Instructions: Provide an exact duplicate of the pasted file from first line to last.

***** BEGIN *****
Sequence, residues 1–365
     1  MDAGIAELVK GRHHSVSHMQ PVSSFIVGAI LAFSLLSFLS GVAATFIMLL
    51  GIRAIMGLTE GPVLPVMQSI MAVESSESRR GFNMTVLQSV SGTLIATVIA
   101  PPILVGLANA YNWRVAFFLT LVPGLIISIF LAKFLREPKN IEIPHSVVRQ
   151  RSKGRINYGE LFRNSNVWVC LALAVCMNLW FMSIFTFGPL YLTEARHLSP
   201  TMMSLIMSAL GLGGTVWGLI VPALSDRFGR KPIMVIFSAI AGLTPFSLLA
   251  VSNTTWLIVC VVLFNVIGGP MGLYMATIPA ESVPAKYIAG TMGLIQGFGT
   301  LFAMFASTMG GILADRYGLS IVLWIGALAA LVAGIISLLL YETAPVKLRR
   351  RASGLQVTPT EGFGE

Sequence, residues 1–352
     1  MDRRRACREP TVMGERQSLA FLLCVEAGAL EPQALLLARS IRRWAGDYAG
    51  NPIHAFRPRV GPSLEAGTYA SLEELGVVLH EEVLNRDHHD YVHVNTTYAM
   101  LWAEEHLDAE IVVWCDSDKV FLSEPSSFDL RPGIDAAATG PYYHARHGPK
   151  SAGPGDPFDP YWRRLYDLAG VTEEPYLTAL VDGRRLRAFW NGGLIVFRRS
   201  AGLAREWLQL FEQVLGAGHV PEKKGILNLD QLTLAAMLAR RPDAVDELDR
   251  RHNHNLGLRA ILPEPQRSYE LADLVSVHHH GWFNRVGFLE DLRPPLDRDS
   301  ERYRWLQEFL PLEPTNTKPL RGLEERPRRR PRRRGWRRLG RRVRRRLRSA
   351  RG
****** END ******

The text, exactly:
Sequence, residues 1–365
     1  MDAGIAELVK GRHHSVSHMQ PVSSFIVGAI LAFSLLSFLS GVAATFIMLL
    51  GIRAIMGLTE GPVLPVMQSI MAVESSESRR GFNMTVLQSV SGTLIATVIA
   101  PPILVGLANA YNWRVAFFLT LVPGLIISIF LAKFLREPKN IEIPHSVVRQ
   151  RSKGRINYGE LFRNSNVWVC LALAVCMNLW FMSIFTFGPL YLTEARHLSP
   201  TMMSLIMSAL GLGGTVWGLI VPALSDRFGR KPIMVIFSAI AGLTPFSLLA
   251  VSNTTWLIVC VVLFNVIGGP MGLYMATIPA ESVPAKYIAG TMGLIQGFGT
   301  LFAMFASTMG GILADRYGLS IVLWIGALAA LVAGIISLLL YETAPVKLRR
   351  RASGLQVTPT EGFGE

Sequence, residues 1–352
     1  MDRRRACREP TVMGERQSLA FLLCVEAGAL EPQALLLARS IRRWAGDYAG
    51  NPIHAFRPRV GPSLEAGTYA SLEELGVVLH EEVLNRDHHD YVHVNTTYAM
   101  LWAEEHLDAE IVVWCDSDKV FLSEPSSFDL RPGIDAAATG PYYHARHGPK
   151  SAGPGDPFDP YWRRLYDLAG VTEEPYLTAL VDGRRLRAFW NGGLIVFRRS
   201  AGLAREWLQL FEQVLGAGHV PEKKGILNLD QLTLAAMLAR RPDAVDELDR
   251  RHNHNLGLRA ILPEPQRSYE LADLVSVHHH GWFNRVGFLE DLRPPLDRDS
   301  ERYRWLQEFL PLEPTNTKPL RGLEERPRRR PRRRGWRRLG RRVRRRLRSA
   351  RG